Get Permits Before You Rebuild

BATON ROUGE, La. – (RealEstateRama) — If you have property affected by the February tornadoes in Louisiana, your first step to repair or rebuild should be to check with your local building official. That’s the person who can work with you or your contractor to ensure building permits are properly filed and necessary inspections are carried out.

Local ordinances may require permits for repairs to roofs, walls, siding, wallboard, plaster, insulation, paneling, cabinets, flooring, electrical systems, plumbing, septic systems and heating and air  conditioning systems.

Once you have secured the proper permits, mitigation experts say that is the time to repair and rebuild safer and stronger by taking some smart steps. Those steps, carried out with the help of trained and qualified professionals, include adding a safe room, structural bracing, strapping and anchoring of walls and roofs, and using impact-resistant glass.

But there are also mitigation techniques that you can do yourself. Some may cost less than $50:

  • Put on a strip: Install weather stripping on outside doors and windows to help seal out air and even water. Benefit: It’s relatively easy to install, is effective and durable and comes in a variety of colors.
  • Caulk it up: Use caulk to seal all exterior openings such as holes where wires, cables and pipes enter or exit a structure. Benefit: In severe storms, a well-sealed exterior helps to keep out wind-driven rain and overland flooding.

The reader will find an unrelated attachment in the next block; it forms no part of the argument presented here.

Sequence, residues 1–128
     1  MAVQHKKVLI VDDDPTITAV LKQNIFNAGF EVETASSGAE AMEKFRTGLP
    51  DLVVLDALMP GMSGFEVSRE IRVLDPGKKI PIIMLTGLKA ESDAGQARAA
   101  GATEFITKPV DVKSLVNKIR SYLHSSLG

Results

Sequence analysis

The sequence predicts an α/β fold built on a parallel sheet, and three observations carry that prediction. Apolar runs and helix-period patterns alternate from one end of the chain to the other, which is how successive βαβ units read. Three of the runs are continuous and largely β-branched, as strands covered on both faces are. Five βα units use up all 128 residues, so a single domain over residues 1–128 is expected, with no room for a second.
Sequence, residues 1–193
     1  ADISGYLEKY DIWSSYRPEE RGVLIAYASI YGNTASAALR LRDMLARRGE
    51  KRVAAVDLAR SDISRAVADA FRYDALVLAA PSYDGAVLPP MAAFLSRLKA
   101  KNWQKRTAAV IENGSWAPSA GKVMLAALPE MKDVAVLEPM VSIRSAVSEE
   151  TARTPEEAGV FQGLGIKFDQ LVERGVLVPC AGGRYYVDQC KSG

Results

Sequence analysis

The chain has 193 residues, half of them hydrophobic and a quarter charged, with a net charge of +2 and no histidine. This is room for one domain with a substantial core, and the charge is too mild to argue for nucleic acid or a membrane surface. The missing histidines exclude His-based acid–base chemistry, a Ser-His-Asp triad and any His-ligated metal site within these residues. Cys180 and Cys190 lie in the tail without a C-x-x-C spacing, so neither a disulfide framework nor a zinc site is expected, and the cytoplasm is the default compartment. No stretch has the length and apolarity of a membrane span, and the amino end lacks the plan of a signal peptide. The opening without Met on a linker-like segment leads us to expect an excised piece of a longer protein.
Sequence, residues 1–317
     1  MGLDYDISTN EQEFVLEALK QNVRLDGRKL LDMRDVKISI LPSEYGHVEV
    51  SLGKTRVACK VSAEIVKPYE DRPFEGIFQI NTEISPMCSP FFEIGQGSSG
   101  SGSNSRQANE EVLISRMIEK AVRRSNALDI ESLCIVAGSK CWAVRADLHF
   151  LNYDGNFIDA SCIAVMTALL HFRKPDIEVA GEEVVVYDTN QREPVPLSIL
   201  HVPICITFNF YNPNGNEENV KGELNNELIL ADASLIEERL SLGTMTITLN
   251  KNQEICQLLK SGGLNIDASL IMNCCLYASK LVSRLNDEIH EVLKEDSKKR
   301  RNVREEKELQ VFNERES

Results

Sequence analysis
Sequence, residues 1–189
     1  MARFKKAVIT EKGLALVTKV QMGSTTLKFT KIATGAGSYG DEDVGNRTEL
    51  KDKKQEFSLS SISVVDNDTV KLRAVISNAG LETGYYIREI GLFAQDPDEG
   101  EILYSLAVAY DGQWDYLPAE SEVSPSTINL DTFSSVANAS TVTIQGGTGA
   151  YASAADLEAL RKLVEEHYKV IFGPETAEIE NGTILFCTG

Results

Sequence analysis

If you have questions about home repair or improvements, FEMA mitigation specialists will be at the Home Depot in New Orleans from March 7 through March 17. The store is located at 12300 I-10 Service Road, and the specialists will be there from 8 a.m. to 6 p.m.

For more mitigation ideas and information, visit https://www.fema.gov/mitigation-ideas–  and-tips-rebuilding.

Download the FEMA mobile app for disaster resources, weather alerts and safety tips. The app provides a customizable checklist of emergency supplies, maps of open shelters and weather alerts from the National Weather Service for up to five locations across the nation. The latest feature of the app allows you to send notifications to your device to remind you to take important steps to prepare your home and family for disasters. Go to www.ready.gov for more details.

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On March 1, 2003, the Federal Emergency Management Agency (FEMA) became part of the U.S. Department of Homeland Security (DHS). The primary mission of the Federal Emergency Management Agency is to reduce the loss of life and property and protect the Nation from all hazards, including natural disasters, acts of terrorism, and other man-made disasters, by leading and supporting the Nation in a risk-based, comprehensive emergency management system of preparedness, protection, response, recovery, and mitigation

Contact:

1 (800) 621-FEMA (3362)

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